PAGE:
DENVER (AP) -Jason Elam's reading list these days includes much more than his new, thick special teams playbook. He's also poring over the Bible and the Quran, among other religious texts.
In his spare time, the Denver Broncos' 37-year-old kicker is studying the world's 12 major religions.
Elam recently enrolled in a distance-learning program at Liberty University's seminary in Lynchburg, Va., where he's pursuing a master's degree.
``That's just kind of a passion of mine and I enjoy traveling and meeting people in different cultures, knowing why people believe what they believe and then just as a Christian defending the faith,'' Elam said.
Elam, who is entering his 15th NFL season, first found himself defending - and questioning - his faith as a freshman at the University of Hawaii in 1989.
``I was just this Atlanta, Southern, country guy and went off to college and I had friends from all over the world and with that diversity came a big diversity in faith,'' Elam said. ``And I had never met a Mormon or a Jehovah's Witness or a Muslim or an atheist or a Baha'i. I had never met those people before.''
Elam, a communications major, soon realized he couldn't defend his beliefs because he wasn't sure why he held them in the first place.
``And that bothered me. I was like, 'Hey, you know what? Maybe they're right, maybe I'm wrong,''' Elam said. ``So, I started from scratch and tried to put all my biases on the shelf and started examining things.''
His education continued when the Broncos selected him in the third round of the 1993 draft.
``There's a diverse crowd in the locker room. You don't ever want it to be a distraction by any teams and I've never gotten into a big argument or anything, but there's times when I'll ask guys, 'What do you think about this? And they'll ask me. It's good conversations more than anything.''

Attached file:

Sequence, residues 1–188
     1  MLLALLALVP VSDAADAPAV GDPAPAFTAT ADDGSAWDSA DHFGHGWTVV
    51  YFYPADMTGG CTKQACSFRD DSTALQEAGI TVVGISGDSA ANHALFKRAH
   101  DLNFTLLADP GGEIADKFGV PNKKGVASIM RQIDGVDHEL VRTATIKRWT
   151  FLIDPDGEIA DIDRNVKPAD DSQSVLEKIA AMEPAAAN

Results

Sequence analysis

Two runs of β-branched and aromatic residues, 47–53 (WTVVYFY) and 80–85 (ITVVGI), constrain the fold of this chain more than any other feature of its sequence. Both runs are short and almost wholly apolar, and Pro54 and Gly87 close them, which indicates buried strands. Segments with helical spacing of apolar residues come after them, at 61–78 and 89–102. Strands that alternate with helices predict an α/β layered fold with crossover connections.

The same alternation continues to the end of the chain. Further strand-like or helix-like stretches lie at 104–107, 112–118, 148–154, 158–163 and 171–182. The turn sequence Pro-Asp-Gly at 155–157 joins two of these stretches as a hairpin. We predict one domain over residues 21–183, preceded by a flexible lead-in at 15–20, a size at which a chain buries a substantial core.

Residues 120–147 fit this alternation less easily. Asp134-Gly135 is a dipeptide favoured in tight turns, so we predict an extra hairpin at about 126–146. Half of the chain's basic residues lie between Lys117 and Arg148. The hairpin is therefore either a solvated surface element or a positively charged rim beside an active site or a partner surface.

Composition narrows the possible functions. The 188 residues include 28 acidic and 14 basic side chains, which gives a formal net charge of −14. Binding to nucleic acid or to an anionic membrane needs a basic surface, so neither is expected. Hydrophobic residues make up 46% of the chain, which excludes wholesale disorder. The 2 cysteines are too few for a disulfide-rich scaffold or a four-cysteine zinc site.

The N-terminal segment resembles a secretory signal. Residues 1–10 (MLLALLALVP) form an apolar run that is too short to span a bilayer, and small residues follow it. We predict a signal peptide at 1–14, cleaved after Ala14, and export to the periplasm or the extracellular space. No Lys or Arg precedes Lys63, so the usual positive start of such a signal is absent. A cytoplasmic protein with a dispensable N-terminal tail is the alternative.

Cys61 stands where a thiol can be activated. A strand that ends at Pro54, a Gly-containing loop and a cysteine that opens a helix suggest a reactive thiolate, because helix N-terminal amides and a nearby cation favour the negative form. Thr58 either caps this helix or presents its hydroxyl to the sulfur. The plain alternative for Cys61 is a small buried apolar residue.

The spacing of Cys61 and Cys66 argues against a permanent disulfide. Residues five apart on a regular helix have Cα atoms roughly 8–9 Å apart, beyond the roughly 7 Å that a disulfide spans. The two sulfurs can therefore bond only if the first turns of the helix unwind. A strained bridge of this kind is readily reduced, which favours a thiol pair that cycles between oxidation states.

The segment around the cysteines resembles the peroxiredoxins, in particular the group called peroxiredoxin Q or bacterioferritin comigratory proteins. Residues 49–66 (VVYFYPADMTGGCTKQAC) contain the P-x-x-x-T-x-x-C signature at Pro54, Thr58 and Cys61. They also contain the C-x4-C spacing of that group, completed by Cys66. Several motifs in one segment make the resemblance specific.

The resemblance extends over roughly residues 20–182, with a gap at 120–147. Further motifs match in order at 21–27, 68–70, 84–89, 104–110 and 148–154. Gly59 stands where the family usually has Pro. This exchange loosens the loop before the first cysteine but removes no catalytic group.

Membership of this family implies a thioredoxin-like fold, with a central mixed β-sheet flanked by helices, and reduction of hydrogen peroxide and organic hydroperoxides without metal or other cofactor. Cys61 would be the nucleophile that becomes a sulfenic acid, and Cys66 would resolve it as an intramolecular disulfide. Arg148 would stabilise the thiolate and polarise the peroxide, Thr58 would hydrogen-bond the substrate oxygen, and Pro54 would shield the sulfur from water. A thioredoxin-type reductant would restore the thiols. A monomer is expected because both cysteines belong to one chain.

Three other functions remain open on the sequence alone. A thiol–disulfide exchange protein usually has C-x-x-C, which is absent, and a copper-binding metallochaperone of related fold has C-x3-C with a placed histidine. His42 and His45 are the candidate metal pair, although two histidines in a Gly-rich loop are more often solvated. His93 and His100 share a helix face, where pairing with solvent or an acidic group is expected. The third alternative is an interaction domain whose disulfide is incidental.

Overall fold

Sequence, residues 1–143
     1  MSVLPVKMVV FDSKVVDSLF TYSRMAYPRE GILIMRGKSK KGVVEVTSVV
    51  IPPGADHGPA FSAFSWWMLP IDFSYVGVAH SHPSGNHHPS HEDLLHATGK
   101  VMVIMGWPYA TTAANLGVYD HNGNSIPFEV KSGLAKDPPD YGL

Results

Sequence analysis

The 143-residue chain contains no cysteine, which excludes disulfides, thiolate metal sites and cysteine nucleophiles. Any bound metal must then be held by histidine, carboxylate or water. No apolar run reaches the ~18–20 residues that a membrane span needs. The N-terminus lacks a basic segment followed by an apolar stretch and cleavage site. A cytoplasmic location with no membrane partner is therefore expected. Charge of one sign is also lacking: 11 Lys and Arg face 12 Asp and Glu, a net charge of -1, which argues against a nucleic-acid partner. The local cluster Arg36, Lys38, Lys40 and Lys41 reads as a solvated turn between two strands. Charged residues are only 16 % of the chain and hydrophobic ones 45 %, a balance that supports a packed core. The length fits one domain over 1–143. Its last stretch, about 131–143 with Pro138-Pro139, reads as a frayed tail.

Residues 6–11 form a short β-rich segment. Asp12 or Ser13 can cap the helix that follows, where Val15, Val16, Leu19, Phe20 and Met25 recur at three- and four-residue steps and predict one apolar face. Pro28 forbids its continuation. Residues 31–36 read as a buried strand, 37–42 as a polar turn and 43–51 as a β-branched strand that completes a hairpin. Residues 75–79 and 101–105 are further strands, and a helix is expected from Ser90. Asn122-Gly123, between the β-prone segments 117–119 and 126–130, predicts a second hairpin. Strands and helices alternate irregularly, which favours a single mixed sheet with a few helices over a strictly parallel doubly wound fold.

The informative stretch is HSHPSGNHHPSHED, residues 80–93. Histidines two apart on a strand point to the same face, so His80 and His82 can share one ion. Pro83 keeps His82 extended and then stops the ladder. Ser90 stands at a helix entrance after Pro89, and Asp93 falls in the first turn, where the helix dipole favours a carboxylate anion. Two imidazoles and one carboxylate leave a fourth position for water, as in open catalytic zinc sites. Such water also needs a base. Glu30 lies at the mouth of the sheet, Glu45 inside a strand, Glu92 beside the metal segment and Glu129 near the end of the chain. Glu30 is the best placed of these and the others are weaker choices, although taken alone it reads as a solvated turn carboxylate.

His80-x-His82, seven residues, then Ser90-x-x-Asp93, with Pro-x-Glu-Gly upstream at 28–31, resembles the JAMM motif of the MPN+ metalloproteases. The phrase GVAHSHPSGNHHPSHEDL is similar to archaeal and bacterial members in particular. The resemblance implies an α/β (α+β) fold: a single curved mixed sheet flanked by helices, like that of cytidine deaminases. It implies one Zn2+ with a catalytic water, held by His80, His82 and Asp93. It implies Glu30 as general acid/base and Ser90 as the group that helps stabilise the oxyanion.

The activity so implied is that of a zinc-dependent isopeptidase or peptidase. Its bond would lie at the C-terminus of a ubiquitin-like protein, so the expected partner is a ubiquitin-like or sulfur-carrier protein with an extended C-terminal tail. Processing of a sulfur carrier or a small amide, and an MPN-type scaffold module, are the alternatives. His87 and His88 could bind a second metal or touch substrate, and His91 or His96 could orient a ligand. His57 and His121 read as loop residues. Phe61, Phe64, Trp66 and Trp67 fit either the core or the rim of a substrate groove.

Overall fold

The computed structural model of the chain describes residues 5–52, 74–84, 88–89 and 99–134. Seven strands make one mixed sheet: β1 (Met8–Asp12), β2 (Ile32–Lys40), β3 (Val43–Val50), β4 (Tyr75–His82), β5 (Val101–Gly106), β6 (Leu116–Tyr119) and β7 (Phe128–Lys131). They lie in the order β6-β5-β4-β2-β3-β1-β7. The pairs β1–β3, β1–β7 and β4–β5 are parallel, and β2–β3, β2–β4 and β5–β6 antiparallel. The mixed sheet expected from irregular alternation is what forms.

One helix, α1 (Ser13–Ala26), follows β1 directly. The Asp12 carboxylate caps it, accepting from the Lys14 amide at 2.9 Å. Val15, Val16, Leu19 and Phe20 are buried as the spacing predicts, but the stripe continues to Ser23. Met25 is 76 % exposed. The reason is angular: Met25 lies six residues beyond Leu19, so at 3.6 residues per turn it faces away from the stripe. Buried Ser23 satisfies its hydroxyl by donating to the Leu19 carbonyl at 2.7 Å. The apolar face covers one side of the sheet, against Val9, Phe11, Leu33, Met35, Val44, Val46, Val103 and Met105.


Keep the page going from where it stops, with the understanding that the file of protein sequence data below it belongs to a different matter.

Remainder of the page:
Elam said his faith teaches him to have answers for those who question him, ``but it's supposed to be done in a loving way. I think so many people today just kind of get in peoples' faces and just kind of turn people away from it. I think it should be much more gentle.''
Elam also got his pilot's license when he graduated from college, and his travels to Africa, the Middle East, Latin America and Alaska are what really sparked his interest in learning more about the world's religions, he said.
This last offseason, Elam flew his wife and four children to Alaska, then went alone to Turkey and the United Kingdom to study at Oxford University.
Those trips, though, weren't as eventful as the one he took a year ago to visit a Christian minister in Gaza when fighting broke out right after his humanitarian group arrived.
``Israel was bombing and there were shootouts. ... So we were stuck there for a while,'' Elam said.
Elam, who's planning on leading a group of NFL players to Israel next March, is in the middle of the first of 10 classes he'll take to get his master of divinity degree. With football and family taking up most of his energy, he's taking just one class at a time.
``I don't know what exactly my niche will be,'' he said. ``But I can see me doing something in ministry.''

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